KR-12 coating of polyetheretherketone (PEEK) surface via polydopamine improves osteointegration and antibacterial activity in vivo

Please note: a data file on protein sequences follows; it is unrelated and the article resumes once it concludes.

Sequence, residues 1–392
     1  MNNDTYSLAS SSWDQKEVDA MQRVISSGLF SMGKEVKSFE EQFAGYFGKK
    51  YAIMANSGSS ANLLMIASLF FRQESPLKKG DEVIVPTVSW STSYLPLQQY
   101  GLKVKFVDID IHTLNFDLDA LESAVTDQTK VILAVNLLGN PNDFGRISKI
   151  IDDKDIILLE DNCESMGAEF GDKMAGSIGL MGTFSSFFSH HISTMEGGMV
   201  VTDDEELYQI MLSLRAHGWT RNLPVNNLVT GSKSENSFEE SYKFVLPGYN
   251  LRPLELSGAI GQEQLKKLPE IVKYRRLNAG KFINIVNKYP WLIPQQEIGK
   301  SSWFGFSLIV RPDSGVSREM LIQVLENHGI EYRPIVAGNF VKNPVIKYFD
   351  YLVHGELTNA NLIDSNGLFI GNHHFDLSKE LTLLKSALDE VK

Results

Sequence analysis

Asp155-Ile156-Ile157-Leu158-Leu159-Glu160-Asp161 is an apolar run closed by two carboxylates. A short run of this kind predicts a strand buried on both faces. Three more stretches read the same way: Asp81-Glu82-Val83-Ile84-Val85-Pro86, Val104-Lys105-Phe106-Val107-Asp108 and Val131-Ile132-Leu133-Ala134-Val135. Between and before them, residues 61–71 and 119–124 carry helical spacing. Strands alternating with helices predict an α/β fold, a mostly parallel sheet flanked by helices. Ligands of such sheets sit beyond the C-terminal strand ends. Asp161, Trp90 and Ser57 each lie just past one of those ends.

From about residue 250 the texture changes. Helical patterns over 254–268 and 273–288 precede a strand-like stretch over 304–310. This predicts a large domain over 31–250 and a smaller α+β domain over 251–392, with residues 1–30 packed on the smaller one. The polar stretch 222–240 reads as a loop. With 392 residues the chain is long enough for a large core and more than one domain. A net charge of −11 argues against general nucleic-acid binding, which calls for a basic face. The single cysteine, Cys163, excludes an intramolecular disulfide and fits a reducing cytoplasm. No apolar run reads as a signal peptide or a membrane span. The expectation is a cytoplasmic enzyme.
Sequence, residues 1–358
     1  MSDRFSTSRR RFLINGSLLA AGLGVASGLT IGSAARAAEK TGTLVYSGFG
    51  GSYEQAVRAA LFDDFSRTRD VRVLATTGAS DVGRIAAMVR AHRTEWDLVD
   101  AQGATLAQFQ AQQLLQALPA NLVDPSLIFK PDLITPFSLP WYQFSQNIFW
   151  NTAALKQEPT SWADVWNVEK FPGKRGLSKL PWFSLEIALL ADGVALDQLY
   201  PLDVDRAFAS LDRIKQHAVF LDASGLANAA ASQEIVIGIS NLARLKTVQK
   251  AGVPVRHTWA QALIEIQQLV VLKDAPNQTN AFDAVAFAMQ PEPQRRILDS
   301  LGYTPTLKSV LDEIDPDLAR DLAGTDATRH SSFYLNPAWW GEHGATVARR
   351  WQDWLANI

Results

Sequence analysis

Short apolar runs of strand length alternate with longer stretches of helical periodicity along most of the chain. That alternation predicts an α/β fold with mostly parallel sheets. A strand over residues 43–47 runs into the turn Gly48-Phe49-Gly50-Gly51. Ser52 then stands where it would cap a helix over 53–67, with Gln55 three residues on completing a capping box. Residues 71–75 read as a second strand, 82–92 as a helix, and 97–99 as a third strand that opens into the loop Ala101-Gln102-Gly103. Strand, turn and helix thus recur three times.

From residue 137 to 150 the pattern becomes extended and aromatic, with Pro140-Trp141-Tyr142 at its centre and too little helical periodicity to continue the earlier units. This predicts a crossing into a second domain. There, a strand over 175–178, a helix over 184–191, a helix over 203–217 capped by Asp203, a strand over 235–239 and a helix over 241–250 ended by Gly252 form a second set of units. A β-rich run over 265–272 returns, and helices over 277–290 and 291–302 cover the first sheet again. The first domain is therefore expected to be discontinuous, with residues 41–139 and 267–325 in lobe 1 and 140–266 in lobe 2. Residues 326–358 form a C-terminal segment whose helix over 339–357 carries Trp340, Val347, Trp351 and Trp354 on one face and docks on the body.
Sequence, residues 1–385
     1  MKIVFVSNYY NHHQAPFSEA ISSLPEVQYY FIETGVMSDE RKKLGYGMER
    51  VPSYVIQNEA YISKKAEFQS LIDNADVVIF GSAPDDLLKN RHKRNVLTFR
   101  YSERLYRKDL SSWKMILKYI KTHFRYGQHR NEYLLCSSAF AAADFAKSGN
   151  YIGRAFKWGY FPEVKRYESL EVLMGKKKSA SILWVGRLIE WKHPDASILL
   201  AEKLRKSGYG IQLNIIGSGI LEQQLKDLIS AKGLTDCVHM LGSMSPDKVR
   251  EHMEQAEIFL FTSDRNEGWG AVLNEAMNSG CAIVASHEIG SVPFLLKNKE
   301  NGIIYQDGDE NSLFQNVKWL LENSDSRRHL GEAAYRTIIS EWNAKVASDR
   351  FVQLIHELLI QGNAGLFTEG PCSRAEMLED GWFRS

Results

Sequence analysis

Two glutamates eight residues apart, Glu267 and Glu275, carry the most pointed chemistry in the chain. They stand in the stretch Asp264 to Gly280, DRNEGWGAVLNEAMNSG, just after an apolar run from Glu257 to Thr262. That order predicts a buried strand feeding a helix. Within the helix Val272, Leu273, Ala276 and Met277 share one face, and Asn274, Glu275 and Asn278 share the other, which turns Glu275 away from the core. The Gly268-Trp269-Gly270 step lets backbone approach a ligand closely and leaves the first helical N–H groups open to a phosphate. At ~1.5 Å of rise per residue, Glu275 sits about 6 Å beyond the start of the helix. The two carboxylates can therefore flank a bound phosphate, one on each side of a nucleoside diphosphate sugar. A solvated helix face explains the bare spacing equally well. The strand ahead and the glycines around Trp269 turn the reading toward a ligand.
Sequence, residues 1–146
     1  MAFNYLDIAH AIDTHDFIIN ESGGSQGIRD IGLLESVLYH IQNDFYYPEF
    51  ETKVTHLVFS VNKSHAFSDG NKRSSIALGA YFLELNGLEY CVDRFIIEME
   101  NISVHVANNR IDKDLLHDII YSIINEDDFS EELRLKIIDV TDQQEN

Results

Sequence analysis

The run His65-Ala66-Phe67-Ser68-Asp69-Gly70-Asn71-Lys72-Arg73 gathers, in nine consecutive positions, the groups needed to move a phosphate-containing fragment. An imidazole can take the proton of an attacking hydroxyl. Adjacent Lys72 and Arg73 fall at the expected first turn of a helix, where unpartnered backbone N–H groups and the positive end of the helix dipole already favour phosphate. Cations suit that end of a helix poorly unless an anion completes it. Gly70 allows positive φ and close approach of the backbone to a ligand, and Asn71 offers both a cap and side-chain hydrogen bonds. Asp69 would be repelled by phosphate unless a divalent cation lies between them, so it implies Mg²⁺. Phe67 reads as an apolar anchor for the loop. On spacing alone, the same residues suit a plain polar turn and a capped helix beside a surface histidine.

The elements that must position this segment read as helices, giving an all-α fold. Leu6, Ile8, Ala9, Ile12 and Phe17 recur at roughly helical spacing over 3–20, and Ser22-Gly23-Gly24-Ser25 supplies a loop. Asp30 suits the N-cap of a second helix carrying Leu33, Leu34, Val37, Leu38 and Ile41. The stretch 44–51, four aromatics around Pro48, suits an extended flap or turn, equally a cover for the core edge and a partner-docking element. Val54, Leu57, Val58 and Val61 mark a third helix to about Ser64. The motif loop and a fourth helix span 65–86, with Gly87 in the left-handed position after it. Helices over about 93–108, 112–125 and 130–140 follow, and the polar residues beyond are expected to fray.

Polyetheretherketone (PEEK) is considered a promising bone implant material owing to its biocompatibility and elastic modulus, which is similar to that of the natural bone. However, the clinical potential of PEEK is severely limited by its bioinertness, such as poor osseointegration and lack of antibacterial property. In this study, the antimicrobial peptide, KR-12, was immobilized on the surface of PEEK implants with the assistance of polydopamine (PDA) to inhibit bacterial infection as well as promote osteogenesis and osseointegration. Compared to unmodified PEEK, the immobilization of KR-12 on PEEK significantly improved the antibacterial activity against Staphylococcus aureus (ATCC 25923), both in vitro and in vivo. To evaluate the osteogenic property of modified PEEK, cell culture of rat bone mesenchymal stem cells (rBMSCs) and a rat femoral defect model were used for in vitro and in vivo evaluation, respectively. The in vitro studies showed that, compared to unmodified PEEK, rBMSCs exhibited improved adhesion, proliferation, and osteogenic differentiation after the immobilization of KR-12 on the PEEK surface. Moreover, micro-computed tomography and histological analysis suggested that the KR-12 coating promoted osteointegration in vivo in rat femur.. Taken together, these results suggest that the KR-12 coating could improve the antibacterial ability of pure or PDA-coated PEEK against Staphylococcus aureus (ATCC 25923), both in vitro and in vivo. Overall, KR-12, combined with the PDA film coating, synergistically induced osteogenic effects both in vitro and in vivo. Thus, the surface-modified material, which exhibits both anti-bacterial and osteointegration properties, shows considerable potential for use as an orthopedic implant.